Semantics, anyway.   There was never any car accident but still she has lost them all.

Ask Birdie how she got here and she will smile and laugh and look down into her glass.   Two things she’s good at:  drinking and keeping secrets.   In the melting cubes she sees the past…

At her agent’s insistence her bio contains the basics:  1979, Powhatan, Virginia.   Even that doesn’t matter.   Redmond changed it to 1983.   “Whoever said thirty is the new twenty-two wasn’t trying to get you work.”   Proof positive: no one really wants the truth…

Going West and the Rest, 2001.   In Powhatan, she leaves a letter that says:

To Judah and My Parents,

I don’t know if you will be surprised to find this note.   I am not surprised to be writing it, though I know it will hurt you and I hate to do that.   But you have to know I have no other choice.   I have been a liar and a hypocrite.   I have tried to be a Believer, but I am not.   Every day, I am full of doubt.   I would rather be honest about my feelings in this life than lie to preserve an eternal hope I am unsure of.   Let’s hope God understands my decision.   I’m sorry.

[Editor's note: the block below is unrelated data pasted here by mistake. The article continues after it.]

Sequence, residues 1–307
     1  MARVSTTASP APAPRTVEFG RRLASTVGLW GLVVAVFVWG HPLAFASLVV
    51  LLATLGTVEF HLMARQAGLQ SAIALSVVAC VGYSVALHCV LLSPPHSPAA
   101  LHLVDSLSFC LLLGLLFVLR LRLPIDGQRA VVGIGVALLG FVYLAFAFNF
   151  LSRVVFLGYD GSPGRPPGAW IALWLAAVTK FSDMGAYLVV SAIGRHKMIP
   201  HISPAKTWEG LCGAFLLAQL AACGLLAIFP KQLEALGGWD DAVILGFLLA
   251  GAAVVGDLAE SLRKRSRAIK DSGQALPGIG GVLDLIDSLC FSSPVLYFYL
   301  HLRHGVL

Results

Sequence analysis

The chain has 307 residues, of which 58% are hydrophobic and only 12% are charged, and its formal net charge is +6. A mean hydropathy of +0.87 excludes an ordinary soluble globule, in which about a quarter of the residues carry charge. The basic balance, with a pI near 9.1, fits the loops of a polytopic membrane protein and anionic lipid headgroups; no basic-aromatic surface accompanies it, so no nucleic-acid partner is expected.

Love, Birdie.

PS – Don’t try to find me.   I’m safe, but I’m going somewhere far away.

The bus ride to Los Angeles takes two days, seventeen hours, and five minutes.   For the first day, she imagines that Judah is following her, that when the bus stops at a rest area he will be standing there stormy-faced, waiting to take her back.   But by the morning of the second day, as serpentine mountain roads begin to flatten and give way to low flat stretches of highway, her escape begins to feel real.   Nothing is familiar – the scenery, her fellow passengers, the gravity and speed of the bus as it rockets westward past towns, sprawling lights, empty desert, road signs.   Her face reflected back at her in the thick safety glass of the bus window appears ghostly and doubled.   She glances back and forth between both sets of eyes and watches the reflections react – her fractured face bobs and shifts across the glass.